Shades of Grey: Selling Sex - Work, Business, or a Profession? - Meena Seshu & Shohini Ghosh
All is not black and white… and we want to explore the shades of grey. Feminism is diverse and we don't always agree totally with one another, though we may share a similar perspective. While we don't want to silence other viewpoints, we want to focus on the finer distinctions between arguments used by people who are on the same side of the table.
Sex work is an extremely sensitive and contested debate throughout South and Southeast Asia. The number of proposed solutions and debates surrounding 'choice', the ending of exploitation and violence, eliminating stigma and discrimination, and securing health, state protection, and other rights for those who sell sex is endless. We are aware of the arguments used to push for eliminating sex work as well as those for decriminalising it. The for and against arguments will continue, and that is not the purpose of this column.
Within the debate on decriminalisation, there are differences in the ways sex work is conceptualised and spoken about. Let’s examine the shades of grey...
Selling Sex - Work, Business, or a Profession?
Meena Seshu and Shohini Ghosh give us their analysis of a specific cross-section of the feminist debate on sex work. Here's what we asked them: Is selling sex, work, a profession, a business? Does making this differentiation matter? And, how does this connect with the rights discourse?
Is Business Work? Many of the debates around prostitution have been centered on the dichotomy of prostitution either as a human rights violation – a modern form of slavery – or as the exercise of the right to work. This debate is basically problematic because of the binary understanding of prostitution as either an act of slavery or as work. This understanding also pits two human rights against each other: freedom from slavery and victimhood on the one hand versus choice and the right to work on the other. The present discourse fails to recognise the dynamics of an institution that encompasses a wide spectrum of elements from violence and exploitation on one end to autonomy and agency to choose the best possible options, on the other. Prostitution is a way of life. While it is true that all women are not victims, to believe that all women are there out of free choice is also utopian.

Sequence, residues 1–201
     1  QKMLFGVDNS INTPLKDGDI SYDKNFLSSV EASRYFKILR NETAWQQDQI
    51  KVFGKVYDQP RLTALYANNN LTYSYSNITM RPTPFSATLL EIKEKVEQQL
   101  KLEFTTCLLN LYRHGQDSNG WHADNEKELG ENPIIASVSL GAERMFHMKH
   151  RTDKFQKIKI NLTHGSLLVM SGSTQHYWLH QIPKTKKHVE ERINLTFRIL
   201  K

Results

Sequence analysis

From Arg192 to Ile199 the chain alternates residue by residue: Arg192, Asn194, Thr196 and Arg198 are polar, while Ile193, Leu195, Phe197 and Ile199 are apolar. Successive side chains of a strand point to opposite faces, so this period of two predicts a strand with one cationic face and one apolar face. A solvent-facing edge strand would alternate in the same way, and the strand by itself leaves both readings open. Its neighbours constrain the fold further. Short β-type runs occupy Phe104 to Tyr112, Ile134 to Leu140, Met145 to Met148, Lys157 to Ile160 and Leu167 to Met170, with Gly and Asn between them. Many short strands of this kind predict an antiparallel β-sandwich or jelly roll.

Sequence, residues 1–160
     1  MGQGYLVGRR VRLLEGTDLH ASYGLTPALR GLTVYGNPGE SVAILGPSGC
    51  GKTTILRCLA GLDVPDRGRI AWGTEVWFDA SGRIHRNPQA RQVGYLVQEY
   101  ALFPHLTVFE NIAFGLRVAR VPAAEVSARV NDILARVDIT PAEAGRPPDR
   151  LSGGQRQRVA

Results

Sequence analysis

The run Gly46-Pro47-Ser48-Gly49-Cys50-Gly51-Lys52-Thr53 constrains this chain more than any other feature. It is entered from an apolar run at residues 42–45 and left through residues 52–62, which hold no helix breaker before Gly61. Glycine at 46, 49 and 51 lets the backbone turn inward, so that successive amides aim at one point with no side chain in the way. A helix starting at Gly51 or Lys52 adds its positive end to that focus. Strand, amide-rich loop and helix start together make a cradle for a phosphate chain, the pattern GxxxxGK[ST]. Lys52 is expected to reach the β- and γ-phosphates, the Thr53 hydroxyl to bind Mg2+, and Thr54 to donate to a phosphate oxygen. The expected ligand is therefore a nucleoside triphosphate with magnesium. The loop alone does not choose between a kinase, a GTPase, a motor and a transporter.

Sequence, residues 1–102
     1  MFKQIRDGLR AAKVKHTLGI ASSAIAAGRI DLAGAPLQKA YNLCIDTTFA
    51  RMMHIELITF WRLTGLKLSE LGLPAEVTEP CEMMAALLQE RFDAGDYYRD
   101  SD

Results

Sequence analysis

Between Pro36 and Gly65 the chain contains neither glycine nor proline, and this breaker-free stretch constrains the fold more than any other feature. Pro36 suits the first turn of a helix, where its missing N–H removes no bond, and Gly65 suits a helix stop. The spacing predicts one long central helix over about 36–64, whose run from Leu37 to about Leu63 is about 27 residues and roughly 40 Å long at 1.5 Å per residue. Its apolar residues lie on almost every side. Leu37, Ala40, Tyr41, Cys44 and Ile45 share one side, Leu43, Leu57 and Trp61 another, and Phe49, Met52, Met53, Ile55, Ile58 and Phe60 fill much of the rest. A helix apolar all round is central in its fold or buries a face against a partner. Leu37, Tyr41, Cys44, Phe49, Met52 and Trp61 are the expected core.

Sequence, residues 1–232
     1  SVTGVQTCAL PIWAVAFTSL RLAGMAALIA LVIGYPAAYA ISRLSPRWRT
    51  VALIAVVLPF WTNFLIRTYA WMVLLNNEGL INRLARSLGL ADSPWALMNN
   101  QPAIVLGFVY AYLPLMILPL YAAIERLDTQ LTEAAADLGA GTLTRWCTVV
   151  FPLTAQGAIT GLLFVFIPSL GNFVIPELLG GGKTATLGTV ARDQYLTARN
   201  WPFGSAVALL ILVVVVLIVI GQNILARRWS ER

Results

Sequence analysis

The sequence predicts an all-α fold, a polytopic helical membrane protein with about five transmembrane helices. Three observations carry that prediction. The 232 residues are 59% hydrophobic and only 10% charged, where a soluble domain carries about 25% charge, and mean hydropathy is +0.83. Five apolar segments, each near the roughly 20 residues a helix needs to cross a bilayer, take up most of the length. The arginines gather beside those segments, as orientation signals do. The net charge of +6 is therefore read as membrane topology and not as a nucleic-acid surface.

But the grey area is not in this external, obvious, and moral discussion. The difficult and thin space of the politics of the female body, female sexual conditioning, and sexual control needs to be broadened, and its complexities teased out and dealt with.
Female Sexual Conditioning. The moral value of‘chaste womanhood’ is centered on monogamous hetero-sexual relationships within marriage for the sole purpose of reproduction. Such reproduction being sacred in so far as the continuation of the species is concerned. Female sexual conditioning is ‘pure and sacred womanhood’ wherein the acceptance of female passion is also vehemently denied expression. Such passion acquires the status of ‘impure desires’. This thinking also frowns upon the explicit use of sexual parts of the female body and the overt use of the sexual self, deeming it cheap and immoral. But all of this is still considered good if the motive is love and male-centred monogamy. Any deviations from this theme push the limits of acceptable female sexual behaviour.
The resistance to accept prostitution also comes from this deep-seated conditioning that finds it difficult to accept that the sexual self is used in a purposeless (any use other than reproduction) manner. Women therefore cannot, will not and must not use their sexual organs to make money or as a site of work. Women have to be pure – in their ideals, their understanding and use of self, and the use of their bodies.
Providing Sexual Services. Prostitution in India has always been known as dhanda, meaning business. Women in prostitution refer to the exchange of money for the sexual service provided as ‘business’. It is a sexual service provided for a price that is agreed upon and transacted before the service is provided. The service is well defined and is very specific.
Within the brothel context and especially where brothels are demarcated by caste and geography the atmosphere is of a close knit community. Allied services of serving alcohol, or creating an ambience are all services paid for and specifically defined by components of this community rather than the woman who actually offers the sexual service. Women who walk the streets and provide services are also governed by the same rule of specific service for a specific price. Their historical proximity to the entertainment industry has also influenced this way of thinking among the women. This also plays out when women become pregnant. Women will not accept the customer as the father of their children. The service to the customer is over and the relationship with him is also over once the terms of the service provided are over.